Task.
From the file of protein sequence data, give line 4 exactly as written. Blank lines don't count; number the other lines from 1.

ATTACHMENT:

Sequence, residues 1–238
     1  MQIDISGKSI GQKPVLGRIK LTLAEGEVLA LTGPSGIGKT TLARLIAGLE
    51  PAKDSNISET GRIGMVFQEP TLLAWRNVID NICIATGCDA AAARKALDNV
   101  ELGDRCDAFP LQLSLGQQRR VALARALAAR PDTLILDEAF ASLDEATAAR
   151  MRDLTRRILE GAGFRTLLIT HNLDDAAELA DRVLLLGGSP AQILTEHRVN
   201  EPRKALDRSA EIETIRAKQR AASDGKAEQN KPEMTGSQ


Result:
   101  ELGDRCDAFP LQLSLGQQRR VALARALAAR PDTLILDEAF ASLDEATAAR